During the Cold War, Sukhoi's major serial combat aircraft included the supersonic Su-7, which became the main Soviet fighter-bomber of the 1960s, and interceptors Su-9 and Su-15, which formed the backbone of the PVO. He also pioneered variable-sweep aircraft, such as the Su-17 and Su-24. He also started a number of projects that were not developed, including the ambitious Mach-3-capable Sukhoi T-3 attack aircraft. The last fighter Sukhoi designed was the T-10 (Su-27) but he did not live to see it fly.

Contemporary Era

1990-2000

Previous Sukhoi logo

After the collapse of the Soviet Union, each of the multitude of bureaus and factories producing Sukhoi components was privatized independently. In 1996, the government re-gathered the major part of them forming Sukhoi Aviation Military Industrial Combine (Sukhoi AIMC).[4] In parallel, other entities, including Ulan Ude factory, Tbilisi factory, Belarus and Ukraine factories, established alternate transnational Sukhoi Attack Aircraft (producing e.g. Su-25 TM).[4]

2000-2010

The Sukhoi AIMC comprises the JSC Sukhoi Design Bureau located in Moscow, the Novosibirsk Aviation Production Association (NAPO), the Komsomolsk-on-Amur Aircraft Production Association (KnAAPO) and Irkutsk Aviation. Sukhoi is headquartered in Moscow. Finmeccanica (since 2017, Leonardo) owns 25% + 1 share of Sukhoi's civil division.[5] The Russian government merged Sukhoi with Mikoyan, Ilyushin, Irkut, Tupolev, and Yakovlev as a new company named United Aircraft Corporation in February 2006.[6] Mikoyan and Sukhoi were placed within the same operating unit.[7] In September 2007, Sukhoi launched its first modern commercial regional airliner—the Superjet 100 (SSJ 100), a 78 to 98 seater, built by Sukhoi. It was unveiled at Komsomolsk-on-Amur.[8] The maiden flight was made on May 19, 2008.[9] In March 2008, Sukhoi was selected to design and produce the carbon fiber composite wings for Irkut's MC-21's airframe.[10] Sukhoi is also working on what is to be Russia's fifth-generation stealth fighter, the Sukhoi PAK FA. The maiden flight took place on the 29 January 2010.[11]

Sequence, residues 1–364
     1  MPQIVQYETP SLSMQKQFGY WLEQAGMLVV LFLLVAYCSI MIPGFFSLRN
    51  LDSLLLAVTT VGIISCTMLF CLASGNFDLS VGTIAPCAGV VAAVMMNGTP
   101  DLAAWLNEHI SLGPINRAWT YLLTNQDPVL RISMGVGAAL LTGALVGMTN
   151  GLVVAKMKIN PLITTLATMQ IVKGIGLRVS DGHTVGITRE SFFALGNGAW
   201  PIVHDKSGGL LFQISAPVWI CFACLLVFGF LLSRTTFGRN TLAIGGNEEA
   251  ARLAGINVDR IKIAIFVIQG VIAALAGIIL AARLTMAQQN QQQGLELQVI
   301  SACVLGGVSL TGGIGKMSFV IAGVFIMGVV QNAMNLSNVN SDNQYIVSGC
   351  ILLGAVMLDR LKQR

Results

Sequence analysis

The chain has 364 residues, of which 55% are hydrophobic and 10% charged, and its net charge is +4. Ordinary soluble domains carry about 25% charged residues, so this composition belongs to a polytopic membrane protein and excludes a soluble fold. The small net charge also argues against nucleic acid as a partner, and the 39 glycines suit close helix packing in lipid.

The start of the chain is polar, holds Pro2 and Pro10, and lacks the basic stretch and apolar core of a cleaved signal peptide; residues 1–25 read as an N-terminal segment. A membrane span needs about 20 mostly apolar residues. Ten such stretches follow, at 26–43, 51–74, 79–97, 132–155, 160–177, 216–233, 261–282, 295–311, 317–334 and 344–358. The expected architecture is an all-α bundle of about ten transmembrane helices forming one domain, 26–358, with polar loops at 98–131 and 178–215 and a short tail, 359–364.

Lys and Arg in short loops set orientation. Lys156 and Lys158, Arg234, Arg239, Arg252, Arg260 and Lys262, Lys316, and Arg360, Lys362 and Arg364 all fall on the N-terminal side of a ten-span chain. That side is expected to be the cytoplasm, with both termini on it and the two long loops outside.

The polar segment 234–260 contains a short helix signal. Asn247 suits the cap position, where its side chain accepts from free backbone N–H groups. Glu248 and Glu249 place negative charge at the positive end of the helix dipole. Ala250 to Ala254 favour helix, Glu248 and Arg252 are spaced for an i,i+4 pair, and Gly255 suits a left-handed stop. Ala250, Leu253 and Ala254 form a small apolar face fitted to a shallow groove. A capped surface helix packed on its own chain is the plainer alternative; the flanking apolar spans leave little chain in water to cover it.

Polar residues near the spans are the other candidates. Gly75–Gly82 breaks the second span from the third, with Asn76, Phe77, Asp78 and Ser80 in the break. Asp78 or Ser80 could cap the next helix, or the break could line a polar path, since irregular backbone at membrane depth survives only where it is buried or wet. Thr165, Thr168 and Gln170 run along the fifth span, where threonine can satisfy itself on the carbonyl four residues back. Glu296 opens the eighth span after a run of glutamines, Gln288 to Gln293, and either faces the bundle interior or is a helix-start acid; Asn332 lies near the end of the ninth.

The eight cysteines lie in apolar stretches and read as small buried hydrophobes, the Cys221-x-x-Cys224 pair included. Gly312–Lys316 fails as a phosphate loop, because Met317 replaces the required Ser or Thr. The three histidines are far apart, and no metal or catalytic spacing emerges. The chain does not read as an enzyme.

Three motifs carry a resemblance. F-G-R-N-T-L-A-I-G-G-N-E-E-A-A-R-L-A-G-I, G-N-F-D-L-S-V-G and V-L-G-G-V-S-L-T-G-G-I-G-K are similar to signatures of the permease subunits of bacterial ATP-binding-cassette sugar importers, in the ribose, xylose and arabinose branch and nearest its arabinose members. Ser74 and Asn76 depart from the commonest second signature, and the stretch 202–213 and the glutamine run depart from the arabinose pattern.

Products

Production Aircraft